Author(s): Behdad A, Hosseinpour M, Khorasani P
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Abstract BACKGROUND: Although early reviews of clinical findings were mostly negative, there is still a widespread belief for the efficacy of preemptive analgesia among clinicians. In this study, we evaluated whether the preemptive use of ketamine decreases post operative pain in patients undergoing appendectomy. METHODS: In double-blind, randomized clinical trials, 80 adult male patients undergoing an operation for acute appendicitis were studied. Patients were randomly assigned to two groups. In the operating room, patients in the ketamine group received 0.5 mg/kg of ketamine IV 10 minutes before the surgical incision. In the control group, 0.5 mg/kg of normal saline was injected. The pain intensity was assessed at time 0 (immediately after arousal) and 4, 12, and 24 hours postoperatively using the 10 points visual analogue scale (VAS). RESULTS: Eighty patients (40 for both groups) were enrolled in this study. For all of the evaluated times, the VAS score was significantly lower in the ketamine group compared to the control. The interval time for the first analgesic request was 23.1 ± 6.7 minutes for the case group and 18.1 ± 7.3 minutes for the control (P = 0.02). The total number of pethidine injections in the first 24 hours postoperatively was 0.6 ± 0.6 for the case group and 2.0 ± 0.8 for the controls (P = 0.032). There were no drug side effects for the case group. CONCLUSIONS: A low dose of intravenously administered ketamine had a preemptive effect in reducing pain after appendectomy.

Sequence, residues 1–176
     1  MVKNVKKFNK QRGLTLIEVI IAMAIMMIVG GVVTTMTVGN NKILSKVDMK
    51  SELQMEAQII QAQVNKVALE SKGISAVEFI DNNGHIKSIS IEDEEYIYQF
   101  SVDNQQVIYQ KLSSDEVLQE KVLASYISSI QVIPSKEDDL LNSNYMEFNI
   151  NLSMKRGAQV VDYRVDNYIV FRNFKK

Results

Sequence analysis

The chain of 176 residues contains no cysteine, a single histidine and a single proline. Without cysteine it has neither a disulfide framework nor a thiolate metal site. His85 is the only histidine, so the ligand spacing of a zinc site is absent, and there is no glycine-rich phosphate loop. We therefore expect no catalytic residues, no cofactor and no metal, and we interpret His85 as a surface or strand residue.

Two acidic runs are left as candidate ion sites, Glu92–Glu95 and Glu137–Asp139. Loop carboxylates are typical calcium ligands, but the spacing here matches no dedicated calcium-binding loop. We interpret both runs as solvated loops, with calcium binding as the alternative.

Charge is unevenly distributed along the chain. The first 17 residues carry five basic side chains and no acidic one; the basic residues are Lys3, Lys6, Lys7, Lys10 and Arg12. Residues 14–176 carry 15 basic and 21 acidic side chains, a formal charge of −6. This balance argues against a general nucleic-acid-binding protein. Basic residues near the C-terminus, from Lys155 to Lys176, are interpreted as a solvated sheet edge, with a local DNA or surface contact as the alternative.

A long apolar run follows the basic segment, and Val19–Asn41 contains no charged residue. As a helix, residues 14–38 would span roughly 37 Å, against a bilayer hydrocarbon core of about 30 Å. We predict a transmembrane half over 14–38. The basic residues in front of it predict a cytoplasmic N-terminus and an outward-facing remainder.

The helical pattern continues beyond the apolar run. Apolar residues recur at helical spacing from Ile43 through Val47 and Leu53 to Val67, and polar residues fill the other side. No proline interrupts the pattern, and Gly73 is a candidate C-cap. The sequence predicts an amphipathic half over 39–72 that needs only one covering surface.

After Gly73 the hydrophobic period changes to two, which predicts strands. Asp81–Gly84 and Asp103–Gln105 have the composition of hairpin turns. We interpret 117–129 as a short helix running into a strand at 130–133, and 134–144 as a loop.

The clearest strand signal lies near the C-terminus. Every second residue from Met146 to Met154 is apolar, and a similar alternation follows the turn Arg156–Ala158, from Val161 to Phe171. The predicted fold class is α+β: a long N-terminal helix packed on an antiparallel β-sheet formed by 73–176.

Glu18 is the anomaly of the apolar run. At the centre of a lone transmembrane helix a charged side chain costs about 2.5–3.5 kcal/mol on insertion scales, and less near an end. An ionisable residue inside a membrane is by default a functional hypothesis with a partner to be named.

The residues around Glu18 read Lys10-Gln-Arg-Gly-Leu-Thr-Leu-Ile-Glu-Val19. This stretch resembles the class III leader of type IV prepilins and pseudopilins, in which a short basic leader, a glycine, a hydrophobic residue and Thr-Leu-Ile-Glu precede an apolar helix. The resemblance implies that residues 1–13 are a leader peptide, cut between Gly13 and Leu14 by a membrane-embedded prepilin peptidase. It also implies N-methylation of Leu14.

This article was published in Korean J Pain
and referenced in Journal of Anesthesia & Clinical Research